Secure JDBC and ODBC Clients’ Access to HiveServer2
By Vinay Shukla
August 12th, 2014
HDP 2.1 ships with Apache Knox 0.4.0. This release of Apache Knox supports WebHDFS, WebHCAT, Oozie, Hive, and HBase REST APIs.
Hive is a popular component used for SQL access to Hadoop, and the Hive Server 2 with Thrift supports JDBC access over HTTP. The following steps show the configuration to enable a JDBC client to talk to Hive Server 2 via Knox (Beeline > JDBC over HTTPS > Knox > HTTP > Hive Server2). The picture describes the scenario that the blog covers.
This blog focuses on Beeline as the JDBC client; however, a screenshot of Simba ODBC Client configuration for ODBC access is attached at the bottom of the blog.
Using Ambari, navigate to Hive > Config. In custom hive-site section set the the following:
- hive.server2.thrift.http.path to cliservice
- hive.server2.transport.mode to http
Note: If you get errors upon Hive Server 2 restart with port 10001, please use 10000 as the value for hive.server2.thrift.http.port and use 10000 in your Knox topology (sandbox.xml file is the topology in this blog )
Here is an example:
Save these Hive settings and restart HiveServer with Ambari.
Ensure that the values you specified match the value for HIVE service. For example, here is my HIVE service values in /etc/knox/conf/topology/sandbox.xml that works against the values I specified in steps 1-3.
Run beeline client.
Use the connection string specified in step 5. Note the BOLD values need to be customized for your environment. The values below work in the HDP 2.1 Sandbox and match what I specified in steps 1-3
Connect to the Hive Server 2
beeline> !connect jdbc:hive2://sandbox:8443/;ssl=true;sslTrustStore=/var/lib/knox/data/security/keystores/gateway.jks;trustStorePassword=knox?hive.server2.transport.mode=http;hive.server2.thrift.http.path=gateway/sandbox/hive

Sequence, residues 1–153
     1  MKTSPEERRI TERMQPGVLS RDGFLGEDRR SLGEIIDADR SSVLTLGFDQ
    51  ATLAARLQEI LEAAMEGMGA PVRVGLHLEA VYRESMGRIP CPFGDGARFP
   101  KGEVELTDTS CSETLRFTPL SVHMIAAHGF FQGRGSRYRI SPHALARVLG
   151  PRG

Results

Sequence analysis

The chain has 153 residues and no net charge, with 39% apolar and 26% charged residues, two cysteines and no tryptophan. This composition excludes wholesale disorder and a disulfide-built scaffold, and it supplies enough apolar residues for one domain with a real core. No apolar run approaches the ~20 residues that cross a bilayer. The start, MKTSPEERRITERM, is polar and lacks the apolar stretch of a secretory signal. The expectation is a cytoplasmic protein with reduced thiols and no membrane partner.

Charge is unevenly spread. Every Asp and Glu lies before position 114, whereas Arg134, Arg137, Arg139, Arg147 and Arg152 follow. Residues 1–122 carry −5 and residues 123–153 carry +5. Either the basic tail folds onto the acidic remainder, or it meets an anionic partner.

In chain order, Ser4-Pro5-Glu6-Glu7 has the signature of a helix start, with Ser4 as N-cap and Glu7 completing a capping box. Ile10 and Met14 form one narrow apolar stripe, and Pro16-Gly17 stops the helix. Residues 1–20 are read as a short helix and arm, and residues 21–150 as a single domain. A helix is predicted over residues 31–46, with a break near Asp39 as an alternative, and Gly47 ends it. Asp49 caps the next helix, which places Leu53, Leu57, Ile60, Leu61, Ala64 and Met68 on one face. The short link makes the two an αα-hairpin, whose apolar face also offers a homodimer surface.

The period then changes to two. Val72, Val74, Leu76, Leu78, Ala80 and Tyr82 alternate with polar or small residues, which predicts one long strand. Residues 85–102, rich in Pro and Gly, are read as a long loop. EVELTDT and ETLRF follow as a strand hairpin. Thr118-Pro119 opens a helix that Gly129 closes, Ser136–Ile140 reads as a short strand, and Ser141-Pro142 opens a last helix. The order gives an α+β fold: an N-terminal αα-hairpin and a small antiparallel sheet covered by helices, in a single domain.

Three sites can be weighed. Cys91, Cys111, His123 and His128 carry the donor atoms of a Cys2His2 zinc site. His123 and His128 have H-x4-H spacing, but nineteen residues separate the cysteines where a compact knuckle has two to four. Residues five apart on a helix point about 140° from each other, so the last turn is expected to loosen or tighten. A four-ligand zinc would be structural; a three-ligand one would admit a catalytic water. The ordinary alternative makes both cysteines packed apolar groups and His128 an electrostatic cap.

Enter username and password that Beeline will send to Knox over HTTPS to authenticate the user. The Knox included with HDP 2.1 Sandbox has the account with the username “guest” and the password “guest-password.” Knox also supports using LDAP/AD for authentication, and once you configure Knox against LDAP, you can use any LDAP user to authenticate instead of guest account used in this example.
Note: The value for trustStorePassword is the Knox’s master password when Knox was setup. The default value of this password is “knox” only in HDP Sandbox.
Enter username for
Enter password for
Connected to: Apache Hive (version 0.13.0.2.1.1.0-237)
In the Beeline connection string, a trust store for HTTPS connection to Knox is specified. This truststore (and its password) is needed only when Knox is not configured to use a well-known SSL certificate. For example, out-of-box, Knox Gateway uses a Self-Signed certificate for SSL, and that certificate needs to be exported and put into a file that the client can use.
However, in a production environment, Knox should be configured to use a CA authorized SSL certificate, and on the JDBC client, you need not configure a truststore and truststore password.
Step 5 with HDP 2.2
With HDP 2.2 the beeline connection URL can be simplified to
beeline> !connect jdbc:hive2://red1:8443/;transportMode=http;httpPath=gateway/default/hive;ssl=true;sslTrustStore=/var/lib/knox/data/security/keystores/gateway.jks;trustStorePassword=knox
Note the sslTrustStore and it’s password are needed only when Knox is configured to use Self-Signed SSL Certificate.